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Edition: 380

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Welcome to Firstlinks Edition 380

  • 22 October 2020

Former US Vice President Al Gore once told me he needed to raise only US$70,000 when he first ran for politics. Now Biden and Trump spend billions just on television advertising. Little wonder so many favours are owed after each election, and this time, it really matters. Plus investing insights from Kate Howitt, Hamish Douglass, Roger Montgomery, Phil Ruthven and Morningstar's top stock picks.

Kate Howitt: investing lessons and avoiding the PIPO trade

Kate Howitt identifies the stocks she likes and the disappointments, gives context to the increasing role of retail investors, and explains why the market is more of a 'voting not weighing' machine than ever before.

Hamish Douglass on what really matters

Questions on the stock market/economy disconnect, how to focus long term, technology's growing role, income in a low-rate world, Modern Monetary Theory and endless debt and the tooth fairy.

Buffett and his warning about 'virtually certain' earnings

While many investors are happy to invest in any online companies, Warren Buffett focusses more on the quality of future growth, buying companies whose earnings are 'virtually certain' in 10 or 20 years from now.

18 Aussie names for your watchlist

A Morningstar stock screener reveals a cross-section of companies with competitive advantages that are trading at material discounts to estimated value. This is a list of 18 highly-rated names worth watching.

Are debt and its servicing cost serious worries?

The impact of the pandemic on Australia's debt and deficit has forced the government into borrowing on a scale unimaginable at the start of 2020. What are the implications, and what is even more important?

Why not use options to protect your share portfolio?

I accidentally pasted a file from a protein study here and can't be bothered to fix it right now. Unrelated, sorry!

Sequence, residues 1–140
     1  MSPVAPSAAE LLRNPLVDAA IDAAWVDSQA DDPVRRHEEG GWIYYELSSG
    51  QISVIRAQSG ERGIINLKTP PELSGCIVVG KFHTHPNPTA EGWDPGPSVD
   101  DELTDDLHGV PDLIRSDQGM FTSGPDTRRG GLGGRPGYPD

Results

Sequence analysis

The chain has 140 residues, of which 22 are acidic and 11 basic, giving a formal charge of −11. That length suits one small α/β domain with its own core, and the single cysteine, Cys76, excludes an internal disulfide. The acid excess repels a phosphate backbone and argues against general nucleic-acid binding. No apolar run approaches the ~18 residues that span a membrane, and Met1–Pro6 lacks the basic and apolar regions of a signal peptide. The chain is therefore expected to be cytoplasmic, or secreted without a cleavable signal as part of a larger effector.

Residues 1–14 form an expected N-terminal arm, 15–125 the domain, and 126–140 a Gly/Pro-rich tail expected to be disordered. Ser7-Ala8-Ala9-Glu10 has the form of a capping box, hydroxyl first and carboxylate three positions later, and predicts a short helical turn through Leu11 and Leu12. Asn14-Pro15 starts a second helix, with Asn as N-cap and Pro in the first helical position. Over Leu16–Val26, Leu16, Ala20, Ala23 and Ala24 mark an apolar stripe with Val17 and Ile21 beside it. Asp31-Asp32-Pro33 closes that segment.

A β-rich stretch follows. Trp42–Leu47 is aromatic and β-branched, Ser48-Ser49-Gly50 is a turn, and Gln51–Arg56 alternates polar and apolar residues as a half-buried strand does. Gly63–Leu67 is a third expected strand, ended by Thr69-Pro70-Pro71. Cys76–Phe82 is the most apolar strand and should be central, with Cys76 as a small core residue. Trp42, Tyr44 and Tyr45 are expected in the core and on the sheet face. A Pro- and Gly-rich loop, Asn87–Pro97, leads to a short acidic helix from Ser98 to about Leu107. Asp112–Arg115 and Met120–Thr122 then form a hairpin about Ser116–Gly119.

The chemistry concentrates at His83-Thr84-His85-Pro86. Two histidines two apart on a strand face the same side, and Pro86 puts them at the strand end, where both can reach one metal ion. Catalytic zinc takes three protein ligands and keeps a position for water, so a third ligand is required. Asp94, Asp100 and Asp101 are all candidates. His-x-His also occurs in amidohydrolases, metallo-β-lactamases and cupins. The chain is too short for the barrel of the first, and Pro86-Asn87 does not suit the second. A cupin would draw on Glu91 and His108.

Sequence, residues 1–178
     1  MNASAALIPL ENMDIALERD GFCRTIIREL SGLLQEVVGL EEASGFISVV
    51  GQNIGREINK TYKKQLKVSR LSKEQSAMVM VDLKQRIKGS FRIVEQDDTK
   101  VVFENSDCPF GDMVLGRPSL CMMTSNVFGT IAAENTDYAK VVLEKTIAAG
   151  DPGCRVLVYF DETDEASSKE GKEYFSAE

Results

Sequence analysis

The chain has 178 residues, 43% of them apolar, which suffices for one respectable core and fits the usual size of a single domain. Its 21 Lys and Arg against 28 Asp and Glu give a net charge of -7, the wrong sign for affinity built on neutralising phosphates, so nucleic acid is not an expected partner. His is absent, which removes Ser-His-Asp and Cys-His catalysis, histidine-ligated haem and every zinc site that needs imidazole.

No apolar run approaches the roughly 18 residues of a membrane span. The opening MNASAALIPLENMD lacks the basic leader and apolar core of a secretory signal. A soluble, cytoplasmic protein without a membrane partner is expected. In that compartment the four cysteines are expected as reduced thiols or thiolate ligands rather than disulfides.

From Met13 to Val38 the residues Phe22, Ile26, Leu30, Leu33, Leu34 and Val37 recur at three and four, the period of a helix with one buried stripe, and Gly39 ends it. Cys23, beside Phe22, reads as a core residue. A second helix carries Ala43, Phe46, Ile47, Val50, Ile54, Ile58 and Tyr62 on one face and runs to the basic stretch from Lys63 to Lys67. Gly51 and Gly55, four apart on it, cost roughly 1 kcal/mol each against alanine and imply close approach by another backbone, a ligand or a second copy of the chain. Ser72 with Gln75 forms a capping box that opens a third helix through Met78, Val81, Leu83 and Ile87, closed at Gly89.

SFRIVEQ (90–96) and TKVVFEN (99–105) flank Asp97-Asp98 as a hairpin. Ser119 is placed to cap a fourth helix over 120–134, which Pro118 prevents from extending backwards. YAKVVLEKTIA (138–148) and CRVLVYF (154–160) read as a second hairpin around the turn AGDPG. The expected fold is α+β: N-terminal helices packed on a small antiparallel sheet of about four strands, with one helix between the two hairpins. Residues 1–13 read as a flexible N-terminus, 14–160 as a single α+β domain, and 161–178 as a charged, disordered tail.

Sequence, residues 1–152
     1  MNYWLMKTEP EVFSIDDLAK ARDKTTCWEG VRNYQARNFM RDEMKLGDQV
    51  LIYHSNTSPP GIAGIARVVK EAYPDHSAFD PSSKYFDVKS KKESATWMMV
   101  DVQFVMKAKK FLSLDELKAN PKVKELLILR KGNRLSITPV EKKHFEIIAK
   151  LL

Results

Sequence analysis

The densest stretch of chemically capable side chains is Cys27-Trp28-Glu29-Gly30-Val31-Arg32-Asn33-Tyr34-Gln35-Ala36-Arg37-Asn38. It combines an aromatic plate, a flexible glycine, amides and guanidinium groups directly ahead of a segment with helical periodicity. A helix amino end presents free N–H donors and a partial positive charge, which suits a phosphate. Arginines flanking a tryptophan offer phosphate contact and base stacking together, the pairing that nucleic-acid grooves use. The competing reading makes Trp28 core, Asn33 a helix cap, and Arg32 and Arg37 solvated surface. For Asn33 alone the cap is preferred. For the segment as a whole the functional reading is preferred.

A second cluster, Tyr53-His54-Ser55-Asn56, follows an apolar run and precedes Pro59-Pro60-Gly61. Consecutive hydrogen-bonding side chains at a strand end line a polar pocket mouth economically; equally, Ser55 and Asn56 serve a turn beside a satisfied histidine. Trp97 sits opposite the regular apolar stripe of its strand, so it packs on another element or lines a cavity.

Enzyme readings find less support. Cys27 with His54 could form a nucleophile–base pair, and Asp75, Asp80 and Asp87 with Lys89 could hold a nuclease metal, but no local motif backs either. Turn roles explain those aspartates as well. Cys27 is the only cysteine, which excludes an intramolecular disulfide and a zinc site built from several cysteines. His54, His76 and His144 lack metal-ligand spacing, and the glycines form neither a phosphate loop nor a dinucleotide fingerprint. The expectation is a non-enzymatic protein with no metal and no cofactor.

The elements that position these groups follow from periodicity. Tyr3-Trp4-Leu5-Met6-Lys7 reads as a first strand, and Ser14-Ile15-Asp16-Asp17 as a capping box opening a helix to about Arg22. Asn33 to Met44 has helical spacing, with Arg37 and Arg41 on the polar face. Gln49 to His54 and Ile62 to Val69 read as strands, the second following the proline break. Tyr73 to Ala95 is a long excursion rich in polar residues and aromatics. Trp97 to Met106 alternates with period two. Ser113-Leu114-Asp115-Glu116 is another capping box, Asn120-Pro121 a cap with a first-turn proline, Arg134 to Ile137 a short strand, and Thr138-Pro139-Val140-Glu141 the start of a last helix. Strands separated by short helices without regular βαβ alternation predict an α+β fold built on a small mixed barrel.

Many investors ask why fund managers do not protect the portfolio downside by using options. All insurance has a cost, and achieving full protection is expensive, but there are other ways to use options.

A-REITs offering much-needed income

Many listed property stocks were hard hit by COVID, especially in retail, but foot traffic outside Victoria has held up relatively well. Some sectors are now good value for the recovery and less working from home.

Most viewed in recent weeks

10 reasons wealthy homeowners shouldn't receive welfare

The RBA Governor says rising house prices are due to "the design of our taxation and social security systems". The OECD says "the prolonged boom in house prices has inflated the wealth of many pensioners without impacting their pension eligibility." What's your view?

House prices surge but falls are common and coming

We tend to forget that house prices often fall. Direct lending controls are more effective than rate rises because macroprudential limits affect the volume of money for housing leaving business rates untouched.

Survey responses on pension eligibility for wealthy homeowners

The survey drew a fantastic 2,000 responses with over 1,000 comments and polar opposite views on what is good policy. Do most people believe the home should be in the age pension asset test, and what do they say?

100 Aussies: five charts on who earns, pays and owns

Any policy decision needs to recognise who is affected by a change. It pays to check the data on who pays taxes, who owns assets and who earns the income to ensure an equitable and efficient outcome.

Three good comments from the pension asset test article

With articles on the pensions assets test read about 40,000 times, 3,500 survey responses and thousands of comments, there was a lot of great reader participation. A few comments added extra insights.

Coles no longer happy with the status quo

It used to be Down, Down for prices but the new status quo is Down Down for emissions. Until now, the realm of ESG has been mainly fund managers as 'responsible investors', but companies are now pushing credentials.

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